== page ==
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The Pamphlet Collection of Sir Robert Stout: Volume 42

11.—An Uneasy Warfare

11.—An Uneasy Warfare.

How is it that with a set of principles so light and easy to walk up to, Mr. Stout says that the Freethought "warfare is not an easy one?" It is not like the other sects. They all impose duties requiring care and watchfulness to perform them; they all direct an uphill road, and the overthrow of evil passions and desires, and an effort to live in love and harmony with all men. But it is not so with Freethought people; they have only to remain on this already gained tableau—not descend—and so long as each one follows out his own opinions of what is right he does well. Why should this be called a difficult warfare? But this may not be the sense of Mr Stout's words. It seems rather to be that the warfare refers to aggressive work, or the endeavour to spread the influence of their "non creedo;" for he complains that "Hereditary beliefs, backed, as popular creeds of the day are backed, have great vitality." It is, then, the overthrow of these "hereditary beliefs" that constitutes theirs an uneasy warfare. And so it should be. Well it is so. To the honour of our race is it written. Who amongst us would easily be persuaded to give up our hereditary estate, which was our fathers' before us for generations? especially when the man attempting to influence us, merely tells us that we could get on very well without it; that even if we abandon our inheritance we can still live as moral as before, and enjoy our health as well roaming about the world in lodgings, page 17 as in our ancestral hall. Something more attractive would be necessary to lure us from our possessions. The very fact of its being an ancient possession would make us cling to it with the greater tenacity. This, together with a knowledge that it was a valuable property, a help and not a hindrance in life, would increase our love for it. Doubtless the man who sought to change our minds would find he had no easy task. But then—oh strange inconsistency!—Mr. Stout disclaims all anxiety for new converts. How can this be? Does Mr. Stout stultify himself in such a complete fashion? Well, there are his own words. The difficulty of Freethought warfare lies in persuading men to abjure their old beliefs, and yet the advocates of this action have no anxiety about the result of this suit. Had a hired Freethought lecturer said this we might have understood that he only wished to have people hear him advocate his scheme, but so long as he got his hire he cared not for any other success. This could not, however be Mr. Stout's meaning. He made a mistake somewhere in his zeal to show a wide difference between his sect and all others. What a failure! I would counsel every man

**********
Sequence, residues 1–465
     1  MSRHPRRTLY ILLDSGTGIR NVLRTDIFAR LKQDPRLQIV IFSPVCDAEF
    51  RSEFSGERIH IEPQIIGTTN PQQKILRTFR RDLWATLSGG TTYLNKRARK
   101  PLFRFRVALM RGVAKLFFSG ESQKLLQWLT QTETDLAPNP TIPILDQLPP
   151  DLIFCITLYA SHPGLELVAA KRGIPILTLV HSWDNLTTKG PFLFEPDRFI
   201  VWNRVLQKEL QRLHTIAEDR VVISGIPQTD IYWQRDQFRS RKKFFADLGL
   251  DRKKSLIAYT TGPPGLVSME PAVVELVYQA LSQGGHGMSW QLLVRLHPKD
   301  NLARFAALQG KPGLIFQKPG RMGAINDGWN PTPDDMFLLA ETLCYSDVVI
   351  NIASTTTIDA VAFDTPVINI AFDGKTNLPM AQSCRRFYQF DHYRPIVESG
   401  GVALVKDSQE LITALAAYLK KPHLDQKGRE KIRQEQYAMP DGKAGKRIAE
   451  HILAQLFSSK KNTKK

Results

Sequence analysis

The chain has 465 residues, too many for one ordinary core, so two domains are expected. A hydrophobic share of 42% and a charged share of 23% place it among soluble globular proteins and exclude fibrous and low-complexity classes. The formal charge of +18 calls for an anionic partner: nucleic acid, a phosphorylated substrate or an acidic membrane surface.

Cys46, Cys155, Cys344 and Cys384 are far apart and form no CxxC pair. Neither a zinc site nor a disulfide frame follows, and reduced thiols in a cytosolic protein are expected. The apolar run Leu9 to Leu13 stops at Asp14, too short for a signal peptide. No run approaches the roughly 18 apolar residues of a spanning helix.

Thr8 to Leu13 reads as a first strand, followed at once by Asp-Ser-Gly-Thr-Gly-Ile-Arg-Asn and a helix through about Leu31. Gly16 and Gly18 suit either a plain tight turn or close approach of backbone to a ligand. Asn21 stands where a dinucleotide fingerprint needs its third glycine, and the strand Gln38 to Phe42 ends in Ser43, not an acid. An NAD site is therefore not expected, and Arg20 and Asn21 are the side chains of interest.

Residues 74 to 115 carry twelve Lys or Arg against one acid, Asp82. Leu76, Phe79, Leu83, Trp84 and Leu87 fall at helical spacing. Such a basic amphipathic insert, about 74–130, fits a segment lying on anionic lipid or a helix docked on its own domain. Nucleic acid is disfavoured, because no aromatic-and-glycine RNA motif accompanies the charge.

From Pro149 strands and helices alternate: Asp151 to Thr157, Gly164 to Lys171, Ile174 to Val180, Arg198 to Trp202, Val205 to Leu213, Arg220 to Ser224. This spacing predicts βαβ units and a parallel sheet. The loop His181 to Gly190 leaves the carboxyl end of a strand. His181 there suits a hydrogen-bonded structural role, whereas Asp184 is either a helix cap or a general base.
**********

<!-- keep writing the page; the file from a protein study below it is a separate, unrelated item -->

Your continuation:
"To look on truth, unbroken and entire.
Truth in the system, the full orb—where truths,
By truths enlightened and sustained, afford
An arch-like, strong foundation, to support.
The incumbent weight of absolute, complete conviction."